Google Analytics banned in EU, due to privacy concerns of leaking people data to spy agencies

The world’s leading tech companies continue to run into compliance with the European Union strict General Data Protection Regulation (GDPR) even after 4 years since its entry into force. This week, privacy advocates in Austria advanced legal proceedings against websites that use Google Analytics, the most widely used set of computer tools for tracking the activities of millions of website users.

In a case brought before the Austrian Data Protection Authority, it is mentioned that the operators of a health-focused website violated various provisions set out in the GDPR, transferring the personal data of their users to Google using the Analytics tool. European law states that it is illegal for a company to send personal information to companies in the U.S. if they cannot guarantee that this data will not be available to American intelligence agencies.

This case was brought as part of an initiative by activist Max Schrems and None of your Business (NOYB), his privacy advocacy group. This was a multinational initiative, so it is anticipated that more countries will make similar decisions in the near future; if so, websites operating in the European Union may stop using Google Analytics and other U.S.-based cloud services.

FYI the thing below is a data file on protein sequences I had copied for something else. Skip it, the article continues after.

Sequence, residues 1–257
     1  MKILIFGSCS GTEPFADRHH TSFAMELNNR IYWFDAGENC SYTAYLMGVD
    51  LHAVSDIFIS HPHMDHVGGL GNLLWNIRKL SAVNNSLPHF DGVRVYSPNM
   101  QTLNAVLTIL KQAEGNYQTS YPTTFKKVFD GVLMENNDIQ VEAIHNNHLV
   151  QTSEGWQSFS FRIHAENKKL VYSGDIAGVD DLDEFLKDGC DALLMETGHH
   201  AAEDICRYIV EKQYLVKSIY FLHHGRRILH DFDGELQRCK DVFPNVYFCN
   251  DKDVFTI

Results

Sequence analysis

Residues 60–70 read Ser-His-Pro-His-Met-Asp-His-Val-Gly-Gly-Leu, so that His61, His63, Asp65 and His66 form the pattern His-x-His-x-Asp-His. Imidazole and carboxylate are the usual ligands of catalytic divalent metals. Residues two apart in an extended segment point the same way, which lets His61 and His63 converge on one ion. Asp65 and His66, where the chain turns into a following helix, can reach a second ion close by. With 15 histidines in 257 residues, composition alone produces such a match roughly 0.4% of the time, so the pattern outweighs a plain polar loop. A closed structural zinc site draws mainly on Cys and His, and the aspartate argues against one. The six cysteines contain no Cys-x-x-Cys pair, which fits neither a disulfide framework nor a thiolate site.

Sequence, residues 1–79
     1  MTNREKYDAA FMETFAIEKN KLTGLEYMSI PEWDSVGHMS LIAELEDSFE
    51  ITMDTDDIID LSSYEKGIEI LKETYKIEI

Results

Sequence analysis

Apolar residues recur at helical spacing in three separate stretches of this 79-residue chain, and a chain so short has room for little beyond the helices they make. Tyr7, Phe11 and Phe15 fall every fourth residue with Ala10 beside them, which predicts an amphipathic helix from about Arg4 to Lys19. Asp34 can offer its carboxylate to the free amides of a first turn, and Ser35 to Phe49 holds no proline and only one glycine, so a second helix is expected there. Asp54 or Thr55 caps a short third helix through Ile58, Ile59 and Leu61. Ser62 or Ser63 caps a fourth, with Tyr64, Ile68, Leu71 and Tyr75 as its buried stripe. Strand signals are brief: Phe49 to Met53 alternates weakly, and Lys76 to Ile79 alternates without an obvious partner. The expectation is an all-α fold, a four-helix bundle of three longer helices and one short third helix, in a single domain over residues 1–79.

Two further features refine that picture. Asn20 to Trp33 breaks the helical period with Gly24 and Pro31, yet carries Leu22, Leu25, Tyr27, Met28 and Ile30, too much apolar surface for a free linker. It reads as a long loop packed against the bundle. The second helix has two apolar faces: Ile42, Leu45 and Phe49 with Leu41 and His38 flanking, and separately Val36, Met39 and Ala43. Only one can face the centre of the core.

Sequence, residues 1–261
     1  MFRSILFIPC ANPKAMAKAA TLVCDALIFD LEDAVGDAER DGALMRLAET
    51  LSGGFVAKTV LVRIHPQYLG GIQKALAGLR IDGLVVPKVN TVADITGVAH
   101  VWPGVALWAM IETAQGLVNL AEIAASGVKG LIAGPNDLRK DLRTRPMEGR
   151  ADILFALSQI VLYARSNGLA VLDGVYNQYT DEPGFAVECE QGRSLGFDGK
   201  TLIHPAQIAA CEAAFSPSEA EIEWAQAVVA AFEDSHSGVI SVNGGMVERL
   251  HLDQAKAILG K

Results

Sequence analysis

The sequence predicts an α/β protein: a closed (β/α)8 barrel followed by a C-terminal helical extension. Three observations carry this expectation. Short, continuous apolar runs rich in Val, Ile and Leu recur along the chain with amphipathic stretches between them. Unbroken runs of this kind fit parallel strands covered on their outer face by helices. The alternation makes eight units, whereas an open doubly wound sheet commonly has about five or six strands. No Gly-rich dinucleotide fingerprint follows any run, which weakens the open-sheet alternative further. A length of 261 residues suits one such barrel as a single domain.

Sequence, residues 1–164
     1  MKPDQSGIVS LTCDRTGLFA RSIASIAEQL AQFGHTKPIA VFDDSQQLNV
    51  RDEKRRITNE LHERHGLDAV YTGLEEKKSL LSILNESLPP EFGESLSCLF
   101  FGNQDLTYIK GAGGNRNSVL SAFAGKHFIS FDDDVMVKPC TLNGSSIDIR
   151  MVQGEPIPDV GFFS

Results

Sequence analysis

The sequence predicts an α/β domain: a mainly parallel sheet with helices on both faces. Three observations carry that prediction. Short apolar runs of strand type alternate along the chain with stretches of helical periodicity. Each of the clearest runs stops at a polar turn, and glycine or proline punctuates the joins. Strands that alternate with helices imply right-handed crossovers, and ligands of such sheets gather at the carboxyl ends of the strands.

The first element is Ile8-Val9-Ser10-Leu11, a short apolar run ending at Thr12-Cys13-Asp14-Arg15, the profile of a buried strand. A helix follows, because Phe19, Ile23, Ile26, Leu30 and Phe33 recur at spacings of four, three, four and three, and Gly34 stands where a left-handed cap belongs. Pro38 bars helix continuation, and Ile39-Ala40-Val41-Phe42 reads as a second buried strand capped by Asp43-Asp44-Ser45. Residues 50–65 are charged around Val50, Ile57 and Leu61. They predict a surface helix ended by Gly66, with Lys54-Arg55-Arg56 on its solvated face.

This week, the activist stated: “We have filed 101 complaints in basically every member state of the European Union. We formed a working group, so we expect the other data protection authorities to now come up with similar decisions, creating a domino effect.”

It is worth mentioning that the resolution was not entirely favorable to privacy advocates. While the Austrian authority ruled against the website that sent the data to the US, the complaint against Google was also dismissed, as the GDPR breach was committed by the company exporting the data.

In addition to stopping using Google’s cloud services, European companies also expect authorities in the U.S. to pass laws to prevent foreigners’ data from being analyzed by local intelligence agencies, though there is no chance of this happening anytime soon.

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